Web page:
Microsoft Office arrives on iOS – what about Android?

by: Alex SerbanJune 17, 2013

Microsoft Office

Microsoft Office is a premium business tool, there is no secret in that. Whenever you want a document nicely done, whether you’re referring to a spreadsheet, a slide presentation or a simple written piece, Office is the way to go. Here on Google’s field, we’ve waited for Microsoft’s service to arrive for a long time, but as it turns out, Apple was more fortunate and received it first.

Must Read: Best Office Android Apps

The first reasonable question that comes in mind is when will Microsoft bring its best on Android? Well, considering the simplicity of the newly released application, it may take some time.

microsoft office ios

Available right now in the App Store, Office works only on iPhones and there’s no news of an iPad-compatible version. The mobile package can only be used by Office 365 subscribers, a service which costs $9.99 per month or $99.99 per year after a one-month free trial.

Also, there’s now word of a stand-alone application, which can be bought by paying a one-time fee. As BGR states, Microsoft has no plans for such a thing and views the package more as an extension to already existing services.

Besides the business-related tool, those signed in into the Office 365 program also benefit from 20GB of SkyDrive storage and the possibility of installing the entire and complete Office Suite on five different PCs.

What’s included in Microsoft Office for iOS?


Office on iOS comes with three of the most well-known Microsoft applications: Word, Excel and PowerPoint. All three are rendered using a nice looking minimalistic interface and contain basic functionality. Each and every service can only function through the cloud-based SkyDrive service and there’s no support for local saving.

As we mentioned, functionality is pretty limited at this early stage. In Word for example, iOS users can only change colors, size and other styling options or add annotations for others. In Excel font styling and cell colors are included, as well as formulas, searching, chart creation, multiple pages and document sharing.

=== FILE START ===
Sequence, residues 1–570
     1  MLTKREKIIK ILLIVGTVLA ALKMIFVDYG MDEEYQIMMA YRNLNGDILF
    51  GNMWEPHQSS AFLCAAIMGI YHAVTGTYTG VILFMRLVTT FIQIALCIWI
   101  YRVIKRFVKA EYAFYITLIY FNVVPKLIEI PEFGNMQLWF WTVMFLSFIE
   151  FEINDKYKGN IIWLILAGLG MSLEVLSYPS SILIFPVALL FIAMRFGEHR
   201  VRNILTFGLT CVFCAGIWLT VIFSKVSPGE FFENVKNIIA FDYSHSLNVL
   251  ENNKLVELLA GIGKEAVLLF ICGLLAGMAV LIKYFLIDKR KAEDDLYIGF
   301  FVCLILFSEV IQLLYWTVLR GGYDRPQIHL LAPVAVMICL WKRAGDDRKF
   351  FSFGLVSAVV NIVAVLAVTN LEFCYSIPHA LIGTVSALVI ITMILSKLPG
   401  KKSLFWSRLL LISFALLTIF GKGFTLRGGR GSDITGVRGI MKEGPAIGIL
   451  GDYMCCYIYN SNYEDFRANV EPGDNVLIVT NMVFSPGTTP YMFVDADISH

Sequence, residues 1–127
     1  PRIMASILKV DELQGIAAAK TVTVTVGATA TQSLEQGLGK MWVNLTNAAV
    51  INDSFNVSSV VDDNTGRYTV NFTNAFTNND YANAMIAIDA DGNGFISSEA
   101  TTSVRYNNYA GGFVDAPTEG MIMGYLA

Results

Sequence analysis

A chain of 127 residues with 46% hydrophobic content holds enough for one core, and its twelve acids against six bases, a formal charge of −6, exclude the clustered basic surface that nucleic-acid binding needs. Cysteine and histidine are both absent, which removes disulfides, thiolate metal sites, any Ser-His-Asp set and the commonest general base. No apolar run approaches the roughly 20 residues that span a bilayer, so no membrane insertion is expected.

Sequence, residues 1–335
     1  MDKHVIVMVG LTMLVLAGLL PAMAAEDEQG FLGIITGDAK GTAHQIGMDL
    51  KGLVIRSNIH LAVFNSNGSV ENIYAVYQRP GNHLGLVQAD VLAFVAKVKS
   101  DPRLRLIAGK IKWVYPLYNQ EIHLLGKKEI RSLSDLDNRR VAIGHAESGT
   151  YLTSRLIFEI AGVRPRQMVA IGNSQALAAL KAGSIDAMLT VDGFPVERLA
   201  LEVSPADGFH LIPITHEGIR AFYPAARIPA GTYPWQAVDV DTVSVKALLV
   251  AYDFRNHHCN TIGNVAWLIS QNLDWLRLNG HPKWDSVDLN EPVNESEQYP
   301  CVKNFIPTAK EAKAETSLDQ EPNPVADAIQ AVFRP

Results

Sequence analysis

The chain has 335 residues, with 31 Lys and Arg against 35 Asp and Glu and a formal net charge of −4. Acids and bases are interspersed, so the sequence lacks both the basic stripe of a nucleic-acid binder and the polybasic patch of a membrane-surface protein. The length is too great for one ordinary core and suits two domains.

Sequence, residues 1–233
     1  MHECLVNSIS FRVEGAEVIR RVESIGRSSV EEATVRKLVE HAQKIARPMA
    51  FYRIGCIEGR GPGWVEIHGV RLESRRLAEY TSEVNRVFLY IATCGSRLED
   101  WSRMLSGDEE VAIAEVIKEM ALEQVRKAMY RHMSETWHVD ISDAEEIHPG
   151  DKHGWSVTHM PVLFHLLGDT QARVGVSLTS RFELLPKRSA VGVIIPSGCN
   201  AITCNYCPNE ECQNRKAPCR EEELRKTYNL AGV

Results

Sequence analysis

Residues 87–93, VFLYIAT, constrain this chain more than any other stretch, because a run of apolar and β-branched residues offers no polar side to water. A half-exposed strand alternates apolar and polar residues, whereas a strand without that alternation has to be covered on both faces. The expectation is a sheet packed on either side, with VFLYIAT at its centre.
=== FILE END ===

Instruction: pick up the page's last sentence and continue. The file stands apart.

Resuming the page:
The most severely restricted service is PowerPoint, from where users can only view documents, edit text and add notes.

In all apps, there is no support for paragraph formatting, image inserting or even making use the iPhone’s native copy and paste function – even though it was mentioned by Microsoft in its product guide. Other than that some of the features discussed above encounter errors from time to time or simply refuse to work.

When will Android’s turn come?


Pretty soon we believe. Although there’s no official source and even though Microsoft’s package released for iOS is a very basic one, we have hopes of seeing an Android-compatible version in the upcoming future. The one thing that keeps our hopes alive is Microsoft’s need to make money.

Even though developers currently programming mobile software get more benefits from Apple’s platform than from Google’s (I guess this was also Microsoft’s strategy with Office), Android is still a major player. As soon as the Redmond-based giant will sort things out and develop a truly worthy version of Office, one that works on smartphones and tablets alike, Android will follow.

Also, past signs tend to strengthen our believes. In May last year, the same source claimed to have exclusive news about an Android and iOS version supposed to arrive last November. A month later another credible source claimed the same thing and even added a hard release date. In October 2012 there were mentions of a tablet-friendly release for this March.

From the looks of it, all the speculation was rather founded, but something might have intervened along the way. Maybe Microsoft was busy keeping its own mobile users happy instead of focusing on other mobile operating systems. It’s worth mentioning here that Office has been available on Windows Phone 8 since the launch of the platform, in October last year.